Test 2: English, Reading, Science (Apr 2015 73G), Math (random questions from The Real ACT® Prep Guide exams, mostly from Exam #2, and a few originals), (Code 16MC2)
Test 3 :English (Test 5 from Real ACT® Prep Guide), Reading, Science (Test 4 from Real ACT® Prep Guide), Math (Many from test 4 from the Real ACT® Prep Guide, some random from that Guide, plus a few 73G questions and a few originals.) (Code 16MC3)
Test 4: June 2017 Code 74C (Code 18MC4), all sections
Test 5: Dec 2017 Code A10 (Code 19MC5), all sections
- If you buy the prep course on our website, you get this book for free!
For our company’s internal reference spreadsheet on the questions that overlap between the books, we created this somewhat complicated pdf. Not guaranteeing it’s 100% accurate, but if you’re hard core this might help you squeeze every last problem out of these books without repeating.
I recommend getting this book (with our course 🙂) and doing every test in it! Then you can either get the old book and run those tests that don’t overlap OR use the bonus questions in the pdf.
Other sources for official tests:
For your convenience, we have the “officially” distributed practice tests from ACT® on our resources page. Many of them are the older, pre-2014 test, though the most recent test reflects the current form of the exam. Our trial version of the course includes explanations to the two most recent pdfs here.
You can also likely find more real tests with a Google search or on Reddit r/ACT®. Some have been uploaded illegally by dodgy foreign-hosted websites. We can’t vouch for these sites so proceed at your own risk with those.
Individual Section Strategy Guides
These are written by independent tutors and usually only cover one section of the test at a time. These are a good way to focus studying once have determined your weak sections (particularly for scores below 29).
1. Nielson Phu: The College Panda’s ACT® English: Advanced Guide and Workbook
- I generally like the exercises for practice. He tends to have longer practice sets than Meltzer and often more challenging problems. As a tutor I tend to use this book most often as practice, not teaching, is what I need most.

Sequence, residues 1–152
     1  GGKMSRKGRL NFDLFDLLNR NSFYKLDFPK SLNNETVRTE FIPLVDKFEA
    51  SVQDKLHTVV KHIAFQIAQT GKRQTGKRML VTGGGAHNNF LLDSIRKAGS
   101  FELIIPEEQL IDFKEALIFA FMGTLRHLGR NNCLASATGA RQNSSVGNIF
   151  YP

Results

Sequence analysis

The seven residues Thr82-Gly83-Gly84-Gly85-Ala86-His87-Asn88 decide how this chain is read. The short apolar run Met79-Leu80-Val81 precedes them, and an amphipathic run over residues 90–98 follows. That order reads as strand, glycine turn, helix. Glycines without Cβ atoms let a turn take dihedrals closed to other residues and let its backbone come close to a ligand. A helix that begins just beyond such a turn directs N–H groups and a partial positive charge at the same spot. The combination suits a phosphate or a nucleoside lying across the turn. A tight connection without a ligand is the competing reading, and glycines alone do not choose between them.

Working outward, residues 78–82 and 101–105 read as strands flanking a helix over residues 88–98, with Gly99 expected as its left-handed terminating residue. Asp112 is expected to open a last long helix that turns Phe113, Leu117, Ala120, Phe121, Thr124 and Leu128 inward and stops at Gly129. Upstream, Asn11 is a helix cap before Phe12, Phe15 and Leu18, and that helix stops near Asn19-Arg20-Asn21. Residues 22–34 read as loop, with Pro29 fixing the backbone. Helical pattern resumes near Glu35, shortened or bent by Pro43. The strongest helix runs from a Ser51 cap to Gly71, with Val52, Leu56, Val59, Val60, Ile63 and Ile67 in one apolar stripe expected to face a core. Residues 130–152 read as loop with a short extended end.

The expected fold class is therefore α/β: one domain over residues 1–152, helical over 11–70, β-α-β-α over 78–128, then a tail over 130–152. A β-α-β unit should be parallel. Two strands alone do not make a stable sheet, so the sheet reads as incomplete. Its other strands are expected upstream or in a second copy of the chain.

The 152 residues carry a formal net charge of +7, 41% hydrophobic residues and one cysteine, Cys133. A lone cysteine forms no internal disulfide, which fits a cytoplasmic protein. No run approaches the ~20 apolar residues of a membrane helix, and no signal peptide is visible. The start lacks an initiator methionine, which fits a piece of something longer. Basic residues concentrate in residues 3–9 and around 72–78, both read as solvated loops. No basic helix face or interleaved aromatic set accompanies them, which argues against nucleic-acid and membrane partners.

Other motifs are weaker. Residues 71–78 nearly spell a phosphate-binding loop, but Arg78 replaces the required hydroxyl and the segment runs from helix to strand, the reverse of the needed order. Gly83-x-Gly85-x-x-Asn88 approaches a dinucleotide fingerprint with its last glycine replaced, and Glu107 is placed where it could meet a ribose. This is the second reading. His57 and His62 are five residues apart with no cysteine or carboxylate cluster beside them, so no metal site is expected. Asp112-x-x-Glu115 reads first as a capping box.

- He isn’t as awesome at categorizing and explaining rules as Meltzer. Sometimes he calls things by the wrong name or explains rules in a weird way— and other times he just shows examples of what is right and what is wrong without explaining what the rule at play is. Many can still learn from just seeing the right vs. wrong sentence, but if you need more explanation Meltzer might be a better pick for you.
2. Erica Meltzer: The Compete Guide to ACT® English, 3rd Edition
- Better at explaining the grammar rules and is a bit more accurate in her grammar know-how than Phu.
- Sometimes her exercises are a bit too easy (particularly her mock tests)
- Her practice sets also sometimes focus on one idea so much, that she doesn’t replicate some of the really tricky little questions that sneak into the tests at time.
- Shorter than either of our two guides
- Doesn’t cover every type of problem on the test
- More catered to people scoring about 26-29; not enough tough problems, nor teaching on the basics.
- Better for more introductory concepts (ideal for people scoring below 26)
- Divided by topic (each “skill” is a single topic)
- Not enough practice to prepare (only like 5 practice problems for each skill)
- May suffice for cramming and last minute preparation, not much else
3. Steve Warner: 320 ACT® Math Problems arranged by Topic and Difficulty Level, 2nd Edition: 160 ACT® Questions with Solutions, 160 Additional Questions with Answers
- organized by overall topic
- has no “practice sets” but instead is constant problem / solution / problem / solution format (for that reason I rarely use as a tutor)
- need more practice sets to lock in knowledge
- Annoyingly paired with science, so most math sections are barely more than 200 pages– not enough for all the content from 4 years of math you are required to know
- Not as organized or targeted as the other books, which makes it easier to waste time going over things you don’t need
- Clump too many types of problems together– sorted by “topic” but often “geometry” is as specific as it gets.
- Don’t cover every type of problem; many aren’t updated for 2014-2016 changes as of this blog post.
Erica Meltzer: The Complete Guide to ACT® Reading, 3rd Edition
Here’s a rundown:
- it gives timing strategies and lays out how to approach this section
- very thin book (be warned)
- most useful for the strategy (not so many practice problems– and the practice is less helpful than the advice)
Michael Cerro: For the Love of ACT® Science: An innovative Approach to Mastering the Science Section of the ACT® Standardized Exam
- it’s thin but concise and strategy based
- focuses on how to be efficient in the test (save time for tough problems)
- broken down into question types (and the tools needed for each one)
1. Tom Clements: How to write a New Killer ACT® Essay: An Award-Winning Author’s Practical Writing Tips on ACT® Essay Prep— contains 9 prompts for practice and analysis